Big crowd to see Amanda

Author Amanda Baker visiting Whytrig Middle School in Seaton Delaval to talk to pupils about her books as part of the school's 'Focus on Reading', which included showing them a dragon egg.
Author Amanda Baker visiting Whytrig Middle School in Seaton Delaval to talk to pupils about her books as part of the school's 'Focus on Reading', which included showing them a dragon egg.
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A MORPETH performer with many strings to her bow played to her biggest audience so far at an international conference.

The crowd of 1,300 was delighted with Amanda Baker’s unique show of character-based sketch style comedy poetry in the galleried concert hall at The Sage Gateshead.

The laughter flowed during the performance of her original routine as those in the audience were wowed with fast-paced character changes, verbal surprises, cheeky references and sharp social observation.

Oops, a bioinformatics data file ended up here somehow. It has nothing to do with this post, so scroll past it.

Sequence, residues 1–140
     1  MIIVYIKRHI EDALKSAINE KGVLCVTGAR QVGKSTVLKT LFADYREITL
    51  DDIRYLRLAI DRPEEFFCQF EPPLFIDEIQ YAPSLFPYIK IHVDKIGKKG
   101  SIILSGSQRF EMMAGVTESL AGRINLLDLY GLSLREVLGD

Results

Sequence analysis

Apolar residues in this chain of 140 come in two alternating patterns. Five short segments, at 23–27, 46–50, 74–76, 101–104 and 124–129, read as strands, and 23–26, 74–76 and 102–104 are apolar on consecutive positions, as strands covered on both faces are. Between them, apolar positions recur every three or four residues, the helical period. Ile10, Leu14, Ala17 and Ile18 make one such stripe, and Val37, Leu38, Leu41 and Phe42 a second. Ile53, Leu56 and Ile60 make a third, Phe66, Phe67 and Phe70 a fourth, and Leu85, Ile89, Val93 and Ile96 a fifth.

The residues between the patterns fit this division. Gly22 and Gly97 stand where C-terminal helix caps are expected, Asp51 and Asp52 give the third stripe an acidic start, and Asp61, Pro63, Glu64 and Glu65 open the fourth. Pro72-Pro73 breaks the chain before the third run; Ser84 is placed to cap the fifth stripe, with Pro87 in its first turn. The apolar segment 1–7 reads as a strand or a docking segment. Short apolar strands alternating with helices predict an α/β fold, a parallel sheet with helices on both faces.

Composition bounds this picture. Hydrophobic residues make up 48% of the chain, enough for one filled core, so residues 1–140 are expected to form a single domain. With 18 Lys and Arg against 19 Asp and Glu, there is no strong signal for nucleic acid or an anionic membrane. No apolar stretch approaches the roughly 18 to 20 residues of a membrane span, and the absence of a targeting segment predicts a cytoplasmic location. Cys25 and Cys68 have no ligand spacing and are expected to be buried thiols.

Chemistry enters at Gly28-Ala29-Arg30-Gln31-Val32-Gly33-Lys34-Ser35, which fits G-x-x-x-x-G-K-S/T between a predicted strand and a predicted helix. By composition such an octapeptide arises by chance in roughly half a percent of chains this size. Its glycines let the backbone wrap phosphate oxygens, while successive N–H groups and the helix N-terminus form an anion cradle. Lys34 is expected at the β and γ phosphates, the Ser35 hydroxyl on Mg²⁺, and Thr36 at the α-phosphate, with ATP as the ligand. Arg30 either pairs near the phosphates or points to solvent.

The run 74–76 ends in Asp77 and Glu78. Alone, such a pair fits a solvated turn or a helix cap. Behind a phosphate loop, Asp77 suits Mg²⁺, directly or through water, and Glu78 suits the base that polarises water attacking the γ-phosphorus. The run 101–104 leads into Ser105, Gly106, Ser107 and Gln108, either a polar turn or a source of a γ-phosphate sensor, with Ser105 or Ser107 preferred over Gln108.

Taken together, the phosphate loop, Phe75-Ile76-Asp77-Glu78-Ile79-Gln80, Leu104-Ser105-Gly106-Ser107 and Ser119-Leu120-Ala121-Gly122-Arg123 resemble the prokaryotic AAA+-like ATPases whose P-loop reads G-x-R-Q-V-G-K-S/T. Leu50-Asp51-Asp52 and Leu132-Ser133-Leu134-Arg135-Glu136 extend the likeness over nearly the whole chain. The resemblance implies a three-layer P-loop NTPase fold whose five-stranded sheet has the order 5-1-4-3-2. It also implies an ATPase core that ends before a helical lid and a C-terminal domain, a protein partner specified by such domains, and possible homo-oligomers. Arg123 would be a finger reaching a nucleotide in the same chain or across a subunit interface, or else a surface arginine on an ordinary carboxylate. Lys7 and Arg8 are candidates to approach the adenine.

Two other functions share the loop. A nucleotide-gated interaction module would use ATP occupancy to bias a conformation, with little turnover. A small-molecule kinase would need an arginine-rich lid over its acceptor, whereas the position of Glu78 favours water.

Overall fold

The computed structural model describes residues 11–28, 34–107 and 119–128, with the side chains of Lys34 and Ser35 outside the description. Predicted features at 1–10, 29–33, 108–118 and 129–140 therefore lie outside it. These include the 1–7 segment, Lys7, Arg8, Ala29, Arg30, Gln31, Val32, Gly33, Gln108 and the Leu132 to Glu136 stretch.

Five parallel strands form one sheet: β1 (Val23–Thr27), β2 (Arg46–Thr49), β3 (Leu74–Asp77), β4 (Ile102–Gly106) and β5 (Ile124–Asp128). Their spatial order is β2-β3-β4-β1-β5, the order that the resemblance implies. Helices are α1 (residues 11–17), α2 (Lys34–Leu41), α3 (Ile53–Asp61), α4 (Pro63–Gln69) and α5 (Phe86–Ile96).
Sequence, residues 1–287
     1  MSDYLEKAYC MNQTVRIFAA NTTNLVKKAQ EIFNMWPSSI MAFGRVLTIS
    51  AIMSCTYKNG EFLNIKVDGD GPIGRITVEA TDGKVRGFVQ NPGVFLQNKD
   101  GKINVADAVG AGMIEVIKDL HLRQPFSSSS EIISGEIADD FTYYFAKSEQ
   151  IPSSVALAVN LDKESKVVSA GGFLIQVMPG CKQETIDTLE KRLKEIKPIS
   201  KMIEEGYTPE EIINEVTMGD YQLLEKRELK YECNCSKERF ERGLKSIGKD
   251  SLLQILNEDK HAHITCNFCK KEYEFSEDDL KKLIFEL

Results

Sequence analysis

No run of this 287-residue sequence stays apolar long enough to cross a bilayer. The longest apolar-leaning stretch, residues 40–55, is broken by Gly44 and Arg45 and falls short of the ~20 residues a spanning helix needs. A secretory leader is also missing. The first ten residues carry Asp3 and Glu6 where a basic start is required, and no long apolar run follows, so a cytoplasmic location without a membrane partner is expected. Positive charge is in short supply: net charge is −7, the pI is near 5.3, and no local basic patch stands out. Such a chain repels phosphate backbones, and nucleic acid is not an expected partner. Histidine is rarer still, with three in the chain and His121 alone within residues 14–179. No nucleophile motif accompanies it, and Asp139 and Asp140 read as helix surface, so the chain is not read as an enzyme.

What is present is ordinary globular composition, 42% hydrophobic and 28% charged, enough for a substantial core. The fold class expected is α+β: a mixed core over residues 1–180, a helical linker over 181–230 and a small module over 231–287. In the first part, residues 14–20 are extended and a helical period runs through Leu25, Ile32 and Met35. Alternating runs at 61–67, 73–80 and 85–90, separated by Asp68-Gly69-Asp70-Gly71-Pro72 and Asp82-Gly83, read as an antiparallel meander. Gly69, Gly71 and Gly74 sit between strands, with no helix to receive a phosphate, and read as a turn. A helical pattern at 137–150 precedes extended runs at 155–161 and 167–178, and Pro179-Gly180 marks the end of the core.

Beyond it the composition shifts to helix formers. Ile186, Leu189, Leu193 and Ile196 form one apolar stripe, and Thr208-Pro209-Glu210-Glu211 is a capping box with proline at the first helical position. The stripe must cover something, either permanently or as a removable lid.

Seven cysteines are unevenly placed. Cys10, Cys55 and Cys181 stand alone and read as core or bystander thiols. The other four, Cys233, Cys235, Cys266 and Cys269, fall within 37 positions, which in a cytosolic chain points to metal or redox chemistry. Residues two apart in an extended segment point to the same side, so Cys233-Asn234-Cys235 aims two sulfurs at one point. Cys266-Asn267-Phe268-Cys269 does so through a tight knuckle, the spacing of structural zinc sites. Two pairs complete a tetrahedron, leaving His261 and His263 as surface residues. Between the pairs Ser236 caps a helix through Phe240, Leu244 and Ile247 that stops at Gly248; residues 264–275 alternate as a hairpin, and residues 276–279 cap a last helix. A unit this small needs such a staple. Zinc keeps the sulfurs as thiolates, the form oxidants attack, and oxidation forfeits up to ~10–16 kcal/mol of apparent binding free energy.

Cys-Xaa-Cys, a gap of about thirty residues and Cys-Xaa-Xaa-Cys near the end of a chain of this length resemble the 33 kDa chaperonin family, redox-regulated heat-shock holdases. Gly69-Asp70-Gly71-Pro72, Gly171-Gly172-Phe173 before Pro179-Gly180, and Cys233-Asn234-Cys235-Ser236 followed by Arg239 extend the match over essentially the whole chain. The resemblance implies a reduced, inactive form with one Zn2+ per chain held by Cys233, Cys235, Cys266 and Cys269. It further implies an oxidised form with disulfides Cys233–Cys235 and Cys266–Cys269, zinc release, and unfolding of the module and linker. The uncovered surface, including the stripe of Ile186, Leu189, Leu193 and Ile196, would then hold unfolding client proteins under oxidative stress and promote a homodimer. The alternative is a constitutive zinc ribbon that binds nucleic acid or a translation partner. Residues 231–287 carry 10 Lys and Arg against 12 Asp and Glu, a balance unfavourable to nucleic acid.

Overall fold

It has been an eventful 2013 for Amanda, who moved to Morpeth a number of years ago, beginning with the ‘blaunch’ of her final dragon book via her blog in January – browngirloutsidethering.blogspot.co.uk

Eleanor and the Dragon Runt is an adventure story aimed at middle school children and young teenagers and like the other two in the series, it is written under the pseudonym Adnam Arekab.

More excitement followed with the inclusion of her apocalyptic short story ‘The Remainder’ in Iron Press’s ROOT anthology of short stories showcasing writers based in the North East.

In the summer, after performing at the Doune festival, Amanda was spotted doing a brief set at a Laughing Cow venue in Birmingham and offered a showcase gig at the first ever UK Women in Comedy Festival, which took place in Manchester during October.

And her own Love Libraries events in Leamington Spa, where she grew up, Morpeth and Newcastle have been very successful.

She is also a cartoonist and an internationally short-listed poet as Amanda was among the finalists for the Bridport Poetry Prize a couple of years ago.

The piece that impressed the judges was a short verse about the death of her father and the enduring nature of grief.